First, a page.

October 16, 2013
0058, 0151, 0842 CHINA (Shanxi / Inner Mongolia / Hebei) - The Great Wall (UNESCO WHS)
China (and also India) seems to use another scale than Europe. Whether it comes to population, surface, the height of the mountains, the extent of the forests, the rivers flow rate or God knows what something else. One of the figures stuck in my memory for years is 400,000. So many prisoners of war executed a Qin commander after the Battle of Changping, in the 3rd century BC. Burying they alive, but this is another aspect of the story. About the same time, Hannibal slaughtered at Cannae, in probably the most important but also the bloodiest battle of the European antiquity, 70,000 troops, of those 86,000 how many had the fabulous Roman army. As I said, a completely different scale.
Is also the case of the Great Wall of China. In Europe have been also built, mainly by the Romans, extensive fortifications to defend the borders, such as, to give just two examples, Trajan’s Wall (to the today territory of Romania, Moldova and Ukraine) and Hadrian’s Wall (in Roman Britain, at the other edge of the Empire). Both have several tens of km. Great Wall of China has about 6,260 km, if we don't count the tranches and the natural barriers.
When I was a kid, I imagined that the Great Wall is a stone snaking line, continuous from one end to another of northern China, and was built in a relatively short period of time. Great was my surprise when I learned that in fact the wall is a phylum of walls, following different directions and being built (from the materials specific to the traversed areas) during the 2,000 years, since the 5th century BC. The most famous part, which appears in many pictures, was built in the 14th century, during the Ming Dynasty (1368-1644), who attempted to stop the Manchurian and Mongolian tribes who came from the north. As one of the most impressive constructions ever raised by man, The Great Wall couldn't miss in the list of UNESCO World Heritage, in which was included in 1987.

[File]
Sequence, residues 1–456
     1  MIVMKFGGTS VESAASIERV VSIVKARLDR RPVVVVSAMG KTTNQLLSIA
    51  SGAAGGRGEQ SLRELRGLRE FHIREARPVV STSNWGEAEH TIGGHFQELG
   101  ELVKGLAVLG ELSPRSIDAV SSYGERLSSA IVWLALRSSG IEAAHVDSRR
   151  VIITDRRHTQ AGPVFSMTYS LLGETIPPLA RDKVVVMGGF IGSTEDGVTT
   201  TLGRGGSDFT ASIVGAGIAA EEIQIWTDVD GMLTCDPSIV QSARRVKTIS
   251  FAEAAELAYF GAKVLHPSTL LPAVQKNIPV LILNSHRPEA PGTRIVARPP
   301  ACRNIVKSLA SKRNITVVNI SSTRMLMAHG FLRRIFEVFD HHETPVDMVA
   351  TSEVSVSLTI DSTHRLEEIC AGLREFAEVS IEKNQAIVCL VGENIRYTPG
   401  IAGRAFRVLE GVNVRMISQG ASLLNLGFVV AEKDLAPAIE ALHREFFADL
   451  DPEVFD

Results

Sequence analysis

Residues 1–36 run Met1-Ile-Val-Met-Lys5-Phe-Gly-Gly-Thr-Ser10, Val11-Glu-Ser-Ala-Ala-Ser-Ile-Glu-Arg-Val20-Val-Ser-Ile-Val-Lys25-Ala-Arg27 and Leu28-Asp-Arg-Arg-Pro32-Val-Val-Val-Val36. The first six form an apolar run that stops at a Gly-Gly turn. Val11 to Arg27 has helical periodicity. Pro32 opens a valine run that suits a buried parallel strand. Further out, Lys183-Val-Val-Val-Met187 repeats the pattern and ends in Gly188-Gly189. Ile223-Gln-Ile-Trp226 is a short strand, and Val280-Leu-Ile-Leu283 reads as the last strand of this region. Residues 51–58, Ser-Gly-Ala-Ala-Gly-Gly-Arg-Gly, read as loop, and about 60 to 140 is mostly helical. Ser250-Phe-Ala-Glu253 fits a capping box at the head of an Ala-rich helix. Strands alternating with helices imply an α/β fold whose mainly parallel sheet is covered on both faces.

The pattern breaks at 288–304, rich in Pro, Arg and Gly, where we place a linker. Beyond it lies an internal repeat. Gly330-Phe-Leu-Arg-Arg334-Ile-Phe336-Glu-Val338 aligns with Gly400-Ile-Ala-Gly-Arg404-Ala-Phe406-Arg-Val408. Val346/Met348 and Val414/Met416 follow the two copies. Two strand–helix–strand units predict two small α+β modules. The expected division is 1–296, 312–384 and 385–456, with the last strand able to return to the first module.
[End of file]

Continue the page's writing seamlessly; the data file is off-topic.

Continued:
The watchtower at Laoniuwan (Pianguan County, Shanxi) - posted on 03.12.2011
Laoniuwan Valley (located in Pianguan County, Shanxi, and named also "old ox valley", after a hillside that resembles an ox head on its Inner Mongolian side) is considered one of the most beautiful valleys in China because it’s the place where contry's two greatest symbols - the Great Wall and Huang He (the Yellow River) - meet. The Yellow River, the cradle of Chinese civilization, is the second-longest river in China (after the Yangtze) and the sixth-longest in the world. On a cliff located on the bank of Yellow River is a well-kept watchtower (the one that appears in the first postcard) made of bricks, called Wanghe Tower, or "watch river tower". It was built in 1544 by a Shanxi governor and reinforcements were added later. It was used to observe the enemies and sending messages by burning wolf waste.
Pianguan County own a total of 500 km long of Great Wall, including, apart from the most commonly found Ming-dynasty Great Wall, also Great Wall of Zhao States during the Warring States Period (476-221 BC), and Great Walls of the Qin Dynasty (221 BC - 207 BC) and the Northern Wei Dynasty (386 - 557). Besides the walls, the military defense system also including over 1,000 towers and 49 castles.
The Great Wall at Guantunbu (Fengzhen County, Inner Mongolia) - posted on 21.03.2012
The earliest wall in Inner Mongolia was constructed by the Zhao States during the Warring States Period (476BC - 221BC), from Wei County of Hebei Province in the east to Bayannur of Inner Mongolia in the west. Only certain parts of the wall still stand today, north of Hohhot City (a wall built of rambled earth, as well as bricks at some parts with less earth), and in Baotou (98m long, 5.8m wide and 3.4m high, badly damaged). After Qin Shihuang created the first unified Chinese empire in 221 BC, he sent the general Meng Tian to drive the Xiongnu from the region, and incorporated the old Zhao wall into the Qin Dynasty Great Wall. A section was discovered in Bayannur City and ruins of beacon towers were found every 0.5 km to 1.5 km near the wall. There are also relics of houses, believed to be the military fortress of the wall, at the highland not far from the wall.
On the Worrad Grassland north of Inner Mongolia, two Han Dynasty Great Walls traverse the grassland to the northwest into Mongolia. According to archaeologists, the walls were constructed in 102 BC during the Western Han Dynasty (206BC - 24AD). The one in the north is called the Han Dynasty Outer Great Wall, while the one in the south Han Dynasty Inner Great Wall. The Liao, Jin, and Yuan dynasties, who ruled Northern China throughout most of the 10-13th centuries, had their original power bases north of the Great Wall proper; accordingly, they would have no need throughout most of their history to build a wall along this line. The Liao carried out limited repair of the Great Wall in a few areas, however the Jin (1115-1234) did construct defensive walls in the 12th century, but those were located much to the north of the Great Wall as we know it, within today's Inner and Outer Mongolia.